The ongoing talks between a mission of the International Monetary Fund (IMF) and senior Ethiopian government officials from the central bank and the ministry of finance, among others, in Addis Ababa on a new support program for Ethiopia come at a critical juncture as the country seeks to reconstruct its economy, which has been devastated by conflict, drought, and inflation. The mission arrived in Ethiopia last week to undertake on the ground what has been described as “technical work to prepare for a potential IMF-supported program” following a request for financial assistance the nation formally submitted to the Fund. The talks have mainly revolved around the usual monetary policy issues the IMF has urged Ethiopia to address, including exchange rate management, foreign currency reserve administration, inflation and financial stability. Government officials taking part in the discussions have sounded an upbeat tone. The sentiment is shared by IMF officials as well.
The present talks represent a continuation of the mending of ties between the two sides. In 2019 the IMF reached a staff-level agreement pending a board approval approving a USD 2.9 billion loan for Ethiopia as part of a program to provide balance of payments support for its cash-strapped economy as well as technical assistance for the government’s Homegrown Economic Reform Agenda (HGER). The loan was put on hold though after the eruption in November 2020 of a civil war in the northern region of Tigray following an attack on federal army bases in the region by combatants of the Tigray People’s Liberation Front (TPLF). The IMF’s Extended Fund Facility (EFF) and Extended Credit Facility (ECF) windows for Ethiopia were also phased out. The IMF’s reengagement with Ethiopia comes on the back of a peace agreement the federal government of Ethiopia and the TPLF signed in November 2022 in Pretoria, South Africa. Citing a strong progress toward restoring lasting peace and stability as well as the implementation of the peace deal, the IMF signaled its readiness to support Ethiopia’s reform plans and efforts to address humanitarian and economic challenges.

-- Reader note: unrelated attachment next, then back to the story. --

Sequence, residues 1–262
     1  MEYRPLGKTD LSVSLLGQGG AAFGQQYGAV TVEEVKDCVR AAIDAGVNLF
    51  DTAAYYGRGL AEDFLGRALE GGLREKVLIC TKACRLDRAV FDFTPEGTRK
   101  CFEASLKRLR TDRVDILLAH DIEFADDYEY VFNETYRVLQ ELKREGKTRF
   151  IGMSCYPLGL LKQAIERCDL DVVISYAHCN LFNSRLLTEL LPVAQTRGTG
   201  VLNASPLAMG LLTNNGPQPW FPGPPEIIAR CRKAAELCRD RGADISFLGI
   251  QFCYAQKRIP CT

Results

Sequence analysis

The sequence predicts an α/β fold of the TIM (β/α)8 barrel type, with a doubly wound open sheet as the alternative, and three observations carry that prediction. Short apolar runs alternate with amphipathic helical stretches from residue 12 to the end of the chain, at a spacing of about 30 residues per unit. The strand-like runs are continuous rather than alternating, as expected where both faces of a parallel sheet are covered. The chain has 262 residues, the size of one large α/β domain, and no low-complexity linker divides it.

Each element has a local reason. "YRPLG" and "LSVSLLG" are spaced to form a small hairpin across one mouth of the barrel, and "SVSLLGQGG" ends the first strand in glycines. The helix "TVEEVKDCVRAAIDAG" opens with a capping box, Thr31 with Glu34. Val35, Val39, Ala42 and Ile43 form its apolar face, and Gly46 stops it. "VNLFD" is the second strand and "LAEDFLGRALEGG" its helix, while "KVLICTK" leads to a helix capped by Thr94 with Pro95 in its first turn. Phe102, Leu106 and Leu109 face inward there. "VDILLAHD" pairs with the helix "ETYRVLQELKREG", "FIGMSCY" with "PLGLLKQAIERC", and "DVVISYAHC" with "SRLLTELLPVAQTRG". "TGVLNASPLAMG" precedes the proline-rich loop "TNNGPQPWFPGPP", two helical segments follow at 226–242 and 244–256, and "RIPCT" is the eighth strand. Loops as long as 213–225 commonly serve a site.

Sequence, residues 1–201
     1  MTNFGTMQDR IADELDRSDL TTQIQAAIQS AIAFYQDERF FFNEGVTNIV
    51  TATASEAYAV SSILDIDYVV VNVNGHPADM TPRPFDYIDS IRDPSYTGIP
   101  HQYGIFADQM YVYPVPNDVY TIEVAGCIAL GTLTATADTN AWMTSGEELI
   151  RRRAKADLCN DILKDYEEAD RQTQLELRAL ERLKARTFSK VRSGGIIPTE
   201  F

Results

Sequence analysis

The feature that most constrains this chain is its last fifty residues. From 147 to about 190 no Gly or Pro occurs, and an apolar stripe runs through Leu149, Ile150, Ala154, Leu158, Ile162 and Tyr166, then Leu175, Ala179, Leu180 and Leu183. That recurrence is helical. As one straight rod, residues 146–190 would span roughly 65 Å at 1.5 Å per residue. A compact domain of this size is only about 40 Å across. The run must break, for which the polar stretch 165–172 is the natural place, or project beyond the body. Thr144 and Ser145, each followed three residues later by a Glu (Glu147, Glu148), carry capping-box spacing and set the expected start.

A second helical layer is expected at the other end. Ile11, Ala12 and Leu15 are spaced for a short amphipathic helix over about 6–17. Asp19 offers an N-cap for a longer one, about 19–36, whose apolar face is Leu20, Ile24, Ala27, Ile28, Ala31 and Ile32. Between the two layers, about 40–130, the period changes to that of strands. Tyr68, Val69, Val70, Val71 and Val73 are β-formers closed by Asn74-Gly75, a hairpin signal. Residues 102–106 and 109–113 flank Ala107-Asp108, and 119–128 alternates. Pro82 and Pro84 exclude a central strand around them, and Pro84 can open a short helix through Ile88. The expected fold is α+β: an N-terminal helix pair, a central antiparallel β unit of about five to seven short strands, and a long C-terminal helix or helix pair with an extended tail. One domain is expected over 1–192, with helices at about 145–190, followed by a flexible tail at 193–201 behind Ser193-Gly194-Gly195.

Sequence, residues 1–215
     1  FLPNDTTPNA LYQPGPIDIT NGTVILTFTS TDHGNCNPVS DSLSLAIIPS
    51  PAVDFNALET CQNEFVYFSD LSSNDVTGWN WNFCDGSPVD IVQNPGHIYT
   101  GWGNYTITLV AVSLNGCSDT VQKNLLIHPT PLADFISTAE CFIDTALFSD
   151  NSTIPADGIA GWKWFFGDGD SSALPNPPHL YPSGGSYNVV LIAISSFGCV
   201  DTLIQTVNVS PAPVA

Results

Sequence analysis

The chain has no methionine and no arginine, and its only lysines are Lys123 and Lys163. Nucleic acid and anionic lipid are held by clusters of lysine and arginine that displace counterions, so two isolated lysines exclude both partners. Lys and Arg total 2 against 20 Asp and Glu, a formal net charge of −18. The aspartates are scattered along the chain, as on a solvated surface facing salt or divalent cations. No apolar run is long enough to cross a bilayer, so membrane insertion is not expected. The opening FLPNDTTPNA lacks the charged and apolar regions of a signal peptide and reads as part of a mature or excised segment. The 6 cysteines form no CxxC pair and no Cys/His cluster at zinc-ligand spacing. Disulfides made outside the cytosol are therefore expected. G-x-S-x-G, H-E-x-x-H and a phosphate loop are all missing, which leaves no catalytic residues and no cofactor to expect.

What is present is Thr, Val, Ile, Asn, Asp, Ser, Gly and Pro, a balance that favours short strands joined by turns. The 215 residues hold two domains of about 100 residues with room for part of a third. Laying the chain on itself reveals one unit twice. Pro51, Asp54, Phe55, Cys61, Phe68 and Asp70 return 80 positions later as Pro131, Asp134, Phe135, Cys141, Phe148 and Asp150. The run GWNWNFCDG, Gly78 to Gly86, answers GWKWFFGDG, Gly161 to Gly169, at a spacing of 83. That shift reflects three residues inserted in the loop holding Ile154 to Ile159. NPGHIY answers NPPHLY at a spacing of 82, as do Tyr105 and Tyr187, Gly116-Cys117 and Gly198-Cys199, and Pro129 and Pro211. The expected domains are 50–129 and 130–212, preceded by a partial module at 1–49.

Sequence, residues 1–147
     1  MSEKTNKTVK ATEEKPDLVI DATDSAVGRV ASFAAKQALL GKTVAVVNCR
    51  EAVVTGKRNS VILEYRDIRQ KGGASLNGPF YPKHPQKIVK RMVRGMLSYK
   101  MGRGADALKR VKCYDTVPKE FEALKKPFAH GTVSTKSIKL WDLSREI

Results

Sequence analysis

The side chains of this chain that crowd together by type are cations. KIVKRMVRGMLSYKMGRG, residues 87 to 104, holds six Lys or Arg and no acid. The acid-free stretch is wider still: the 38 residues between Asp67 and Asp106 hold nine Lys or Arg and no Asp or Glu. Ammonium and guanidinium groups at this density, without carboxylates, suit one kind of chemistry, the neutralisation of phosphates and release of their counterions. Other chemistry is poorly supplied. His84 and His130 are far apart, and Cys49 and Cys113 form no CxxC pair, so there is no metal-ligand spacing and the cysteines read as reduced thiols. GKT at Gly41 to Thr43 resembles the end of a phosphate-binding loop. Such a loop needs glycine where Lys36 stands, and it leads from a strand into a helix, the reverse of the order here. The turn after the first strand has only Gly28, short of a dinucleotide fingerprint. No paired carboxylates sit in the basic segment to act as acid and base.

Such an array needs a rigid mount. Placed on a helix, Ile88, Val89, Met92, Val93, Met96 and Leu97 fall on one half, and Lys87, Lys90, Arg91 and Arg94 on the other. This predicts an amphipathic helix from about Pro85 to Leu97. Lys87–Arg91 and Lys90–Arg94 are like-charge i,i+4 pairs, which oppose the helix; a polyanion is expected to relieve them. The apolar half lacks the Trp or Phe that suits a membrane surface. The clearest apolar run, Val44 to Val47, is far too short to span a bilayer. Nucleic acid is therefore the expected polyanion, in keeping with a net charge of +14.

There can be no denying that the availing of assistance by IMF will stand the Ethiopian economy in good stead as it has been bedeviled by multiple shocks ranging from six consecutive years of drought, the COVID-19 pandemic, domestic conflict, and the impact of Russia’s war with Ukraine. The cumulative effect of these phenomena has prompted a host of economic woes, including rising inflation, foreign exchange crunch, widening imbalance in the balance of payment, and mounting external debt stress. The surge in unemployment, food insecurity and the drastic shortage of basic commodities that have come about as a result of the plethora of shocks buffeting the economy have exacted a devastating socio-economic and political toll that needs to be dealt with decisively before it gets out of hand. If the IMF is amenable to providing the funding Ethiopia looks to finance the second Homegrown Economic Reform Agenda (HGER 2.0), the updated version of the first HGER, it can go some way toward achieving the lofty goals set in the liberalization drive.
A new economic reform blueprint unveiled by the Ethiopian government in late 2019, the HGER aspires to unlock the country’s development potentials and propel it into becoming an African icon of prosperity by 2030. The initiative primarily rests on macroeconomic, structural and sectoral reforms that aim at stabilizing the macroeconomic environment, bringing down inflation, tackling the foreign exchange scarcity and exchange rate distortions, improving the business climate and enhancing the competitiveness of the vital sectors accorded priority, namely agriculture, manufacturing, ICT, mining, and tourism. They also seek to boost job creation initiatives, public sector efficiency, transparency, and accountability through the rule of law, decentralization, and capacity building for regional and local governments. The reforms are intended to achieve, inter alia, poverty reduction and inclusive growth.
While the IMF support in the works can throw the Ethiopian economy a potential lifeline, one should not be gung ho about it either. The negative impacts of IMF loans have been widely documented. When a country applies to the IMF for a loan, its government must agree to accept conditionalities prescribed by the Fund. Critics maintain that its policy prescriptions, which it deems to be a panacea for all ills, invariably lay down remedies that are not sufficiently tailored to each country’s unique circumstances. Study after study has demonstrated that though such standard, stringent conditions are touted to help the borrowing country adopt strong and effective policies, they actually hinder economic growth and deepen and prolong financial crises, creating severe hardships for the poorest people. The experiences of several African, Asian and Latin American countries attest to this fact. Ethiopia must heed the lessons of these nations and exercise caution as it tries to convince the IMF to loosen the purse strings.